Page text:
Deported man sets fire to lure tenants out of building, shoots, kills three people
One Houstonians The evicted man set fire to the building to lure the tenants outside before shooting dead three of them.
The man, who has not been immediately identified but has been described as unlucky with medical and financial problems, was fatally shot by police officers responding in the morning attack. Soon.
Sheriff Troy Finner told Related press that authorities arrived at the apartment building around 1 a.m. Sunday in southwest Houston.
Gunman in All Black, Armed with a handgun before opening fire on fleeing tenants
Finner added that the gunman, who is believed to be dressed in black and armed with a handgun, opened fire as other tenants fled their home, with two dead at the scene and another at hospital soon after.
Two other people were injured and taken to a nearby hospital with non-life-threatening injuries.
JUST IN: A man who was evicted from an apartment building in Houston shot five other tenants, killing three of them, Sunday morning after setting the house on fire to lure them out, police said. know. Officers shot and killed the gunman. #Houston pic.twitter.com/IcmWV1gBDa
– BNN Newsroom (@BNNBreaking) August 28, 2022
Michael James told the local TV station KPRC that he was on his way home from work when he was shot in the back.
“I saw the house on fire and I saw there was fire, so I called 911,” James said. “I didn’t make it through, so I turned around and went back into the driveway. And suddenly, boom. “
The suspect then began shooting at firefighters as they tried to put out the fire, forcing them to hide until officers located and shot the gunman who was lying on his stomach, according to Finner. .
No police or firefighters were injured in Sunday morning’s deadly attack.
“I saw things that I hadn’t seen before in 32 years, and it happened time and time again,” Finner said. “We just ask the community to come together.”
Houston mass shooting: arson suspect and 3 others killed after suspect set fire to multiple homes, police say https://t.co/qBAIt3b4cC # 10TV pic.twitter.com/TXJTiMEBGi
– 10TV (@ 10TV) August 28, 2022
Robin Ahrens, a neighbor, told Houston Chronicle that he thought he heard fireworks while getting ready for work, and didn’t notice it at first.
“I’m just lucky I didn’t go out because maybe he was going to shoot me too,” he told the newspaper.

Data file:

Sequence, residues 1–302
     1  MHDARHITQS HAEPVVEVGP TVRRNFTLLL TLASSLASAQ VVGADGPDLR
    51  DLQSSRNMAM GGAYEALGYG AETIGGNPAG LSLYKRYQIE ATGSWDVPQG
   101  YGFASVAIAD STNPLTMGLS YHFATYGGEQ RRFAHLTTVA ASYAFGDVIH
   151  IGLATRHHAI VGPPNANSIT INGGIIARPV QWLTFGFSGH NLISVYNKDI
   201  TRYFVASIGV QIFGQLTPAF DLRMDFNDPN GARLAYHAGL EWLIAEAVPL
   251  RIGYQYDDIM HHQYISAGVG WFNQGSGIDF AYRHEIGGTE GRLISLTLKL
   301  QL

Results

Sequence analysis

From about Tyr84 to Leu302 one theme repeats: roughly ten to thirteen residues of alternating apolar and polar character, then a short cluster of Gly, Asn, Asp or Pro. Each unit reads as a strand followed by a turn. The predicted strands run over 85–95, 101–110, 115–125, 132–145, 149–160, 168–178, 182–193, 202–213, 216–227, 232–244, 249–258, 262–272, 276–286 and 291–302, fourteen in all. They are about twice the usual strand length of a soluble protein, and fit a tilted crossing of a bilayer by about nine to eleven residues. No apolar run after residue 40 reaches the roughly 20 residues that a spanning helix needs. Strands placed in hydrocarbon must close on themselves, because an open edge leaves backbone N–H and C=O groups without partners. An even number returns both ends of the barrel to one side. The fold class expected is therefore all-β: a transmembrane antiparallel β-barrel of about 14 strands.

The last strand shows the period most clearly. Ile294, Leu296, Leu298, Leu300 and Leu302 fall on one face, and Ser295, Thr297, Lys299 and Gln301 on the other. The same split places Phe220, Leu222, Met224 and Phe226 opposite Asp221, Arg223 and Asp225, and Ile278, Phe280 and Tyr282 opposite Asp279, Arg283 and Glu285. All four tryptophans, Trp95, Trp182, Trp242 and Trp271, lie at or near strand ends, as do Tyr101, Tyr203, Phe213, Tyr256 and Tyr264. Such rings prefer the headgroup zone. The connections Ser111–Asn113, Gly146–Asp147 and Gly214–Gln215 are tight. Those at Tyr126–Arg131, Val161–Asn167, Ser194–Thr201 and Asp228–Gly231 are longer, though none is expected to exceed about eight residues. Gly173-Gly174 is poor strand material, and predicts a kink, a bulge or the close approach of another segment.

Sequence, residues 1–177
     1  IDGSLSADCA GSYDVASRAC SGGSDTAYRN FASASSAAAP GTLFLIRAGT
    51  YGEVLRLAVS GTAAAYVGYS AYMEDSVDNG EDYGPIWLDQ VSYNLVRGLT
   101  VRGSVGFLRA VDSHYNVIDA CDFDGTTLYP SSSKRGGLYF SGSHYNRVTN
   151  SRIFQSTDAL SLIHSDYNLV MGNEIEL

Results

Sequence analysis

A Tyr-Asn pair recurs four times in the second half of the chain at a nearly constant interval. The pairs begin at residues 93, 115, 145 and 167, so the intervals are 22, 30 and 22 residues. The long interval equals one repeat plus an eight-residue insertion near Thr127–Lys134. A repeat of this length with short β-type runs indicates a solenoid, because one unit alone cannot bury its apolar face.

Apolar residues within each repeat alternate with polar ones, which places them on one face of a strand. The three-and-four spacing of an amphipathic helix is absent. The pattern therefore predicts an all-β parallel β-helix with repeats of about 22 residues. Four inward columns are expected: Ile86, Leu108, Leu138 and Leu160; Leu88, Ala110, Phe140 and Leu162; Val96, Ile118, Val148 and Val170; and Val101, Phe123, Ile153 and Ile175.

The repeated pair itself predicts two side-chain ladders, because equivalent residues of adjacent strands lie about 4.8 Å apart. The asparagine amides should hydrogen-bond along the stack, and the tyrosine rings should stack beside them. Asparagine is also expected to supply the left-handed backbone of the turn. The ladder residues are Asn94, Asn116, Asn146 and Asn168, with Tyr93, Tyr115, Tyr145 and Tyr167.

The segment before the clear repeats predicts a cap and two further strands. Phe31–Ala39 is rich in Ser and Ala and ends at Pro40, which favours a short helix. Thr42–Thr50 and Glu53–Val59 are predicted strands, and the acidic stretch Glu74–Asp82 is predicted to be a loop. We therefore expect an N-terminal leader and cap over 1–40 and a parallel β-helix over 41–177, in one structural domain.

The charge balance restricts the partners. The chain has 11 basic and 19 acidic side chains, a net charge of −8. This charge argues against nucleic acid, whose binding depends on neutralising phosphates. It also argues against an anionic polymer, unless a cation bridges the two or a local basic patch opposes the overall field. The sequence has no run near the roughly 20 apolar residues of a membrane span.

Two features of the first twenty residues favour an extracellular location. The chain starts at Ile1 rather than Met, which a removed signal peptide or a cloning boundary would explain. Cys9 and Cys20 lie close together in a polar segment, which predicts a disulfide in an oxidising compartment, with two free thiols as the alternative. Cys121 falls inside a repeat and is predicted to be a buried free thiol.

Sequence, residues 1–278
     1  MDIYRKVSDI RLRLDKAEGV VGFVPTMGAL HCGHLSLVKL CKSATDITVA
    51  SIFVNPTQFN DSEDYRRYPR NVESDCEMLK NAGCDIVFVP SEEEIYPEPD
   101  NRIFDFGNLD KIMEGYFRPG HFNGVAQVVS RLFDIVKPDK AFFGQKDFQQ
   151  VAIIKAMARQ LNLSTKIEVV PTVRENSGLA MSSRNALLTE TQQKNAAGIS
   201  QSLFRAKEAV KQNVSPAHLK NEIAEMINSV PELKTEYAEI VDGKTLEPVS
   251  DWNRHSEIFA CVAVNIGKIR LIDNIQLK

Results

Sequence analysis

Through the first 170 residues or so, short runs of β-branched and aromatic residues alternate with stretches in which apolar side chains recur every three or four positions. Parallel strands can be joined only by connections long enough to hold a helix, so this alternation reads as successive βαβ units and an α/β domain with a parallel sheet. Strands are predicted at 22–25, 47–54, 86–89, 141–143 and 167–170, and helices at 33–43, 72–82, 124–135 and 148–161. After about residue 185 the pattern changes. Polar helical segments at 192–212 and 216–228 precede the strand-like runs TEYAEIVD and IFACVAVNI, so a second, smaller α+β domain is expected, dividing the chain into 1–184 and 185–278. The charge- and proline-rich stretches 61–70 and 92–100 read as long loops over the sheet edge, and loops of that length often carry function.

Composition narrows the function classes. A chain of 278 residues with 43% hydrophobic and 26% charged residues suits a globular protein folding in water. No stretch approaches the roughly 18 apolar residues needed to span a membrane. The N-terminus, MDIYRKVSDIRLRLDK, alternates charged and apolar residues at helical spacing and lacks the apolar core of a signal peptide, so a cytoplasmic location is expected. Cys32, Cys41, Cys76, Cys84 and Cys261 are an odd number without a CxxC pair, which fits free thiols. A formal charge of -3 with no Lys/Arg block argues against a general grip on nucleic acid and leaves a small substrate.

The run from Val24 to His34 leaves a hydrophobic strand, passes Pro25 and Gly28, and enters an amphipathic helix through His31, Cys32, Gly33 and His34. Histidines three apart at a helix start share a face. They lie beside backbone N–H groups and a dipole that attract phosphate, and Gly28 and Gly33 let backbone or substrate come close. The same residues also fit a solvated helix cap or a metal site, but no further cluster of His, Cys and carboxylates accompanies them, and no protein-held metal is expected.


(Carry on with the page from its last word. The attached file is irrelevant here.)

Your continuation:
The shooter is described as an unemployed Houston man with colon cancer who recently discovered his deportation
Ahrens said the gunman had colon cancer, was unemployed and had to pay rent when he was recently told he was being evicted.
“Something just happened to him in the last few days, really hard that he didn’t care,” Ahrens said of the gunman.
GSN- A man dressed in black set fire to a multi-family home in Houston early Sunday morning, then opened fire on people as they ran outside, according to police. pic.twitter.com/FkM5D8ZWog
– HJ (Hank) Ellison (@hjtherealj) August 29, 2022
At a The White House At the Summit on Building Long-Term Deportation Reforms earlier this month, President Joe Biden noted the need for an all-out effort to build lasting reform as funds for Emergency Rental Assistance (ERA) begins to deplete.
Biden administration calls for efforts to implement deportation programs, cutting deportation rates in half between 2019 and 2022
Texas, the site of Sunday’s attack, is one of a number of states that have recently introduced statewide eviction diversion programs. These efforts have halved the eviction rate, from nearly 30% in 2019 to 14% in 2022.
However, more than 900,000 rental households are still evicted each year, according to New America.
Renters enjoyed respite during the coronavirus pandemic, when the federal government issued an eviction moratorium, but as of July 2022, there are no longer any statewide eviction moratoriums in place. use.
Last week, Shade room reports that the Supreme Court has blocked a federal embargo aimed at preventing evictions across the country during the pandemic, giving landlords the right to continue the eviction process despite tenants affected by the pandemic.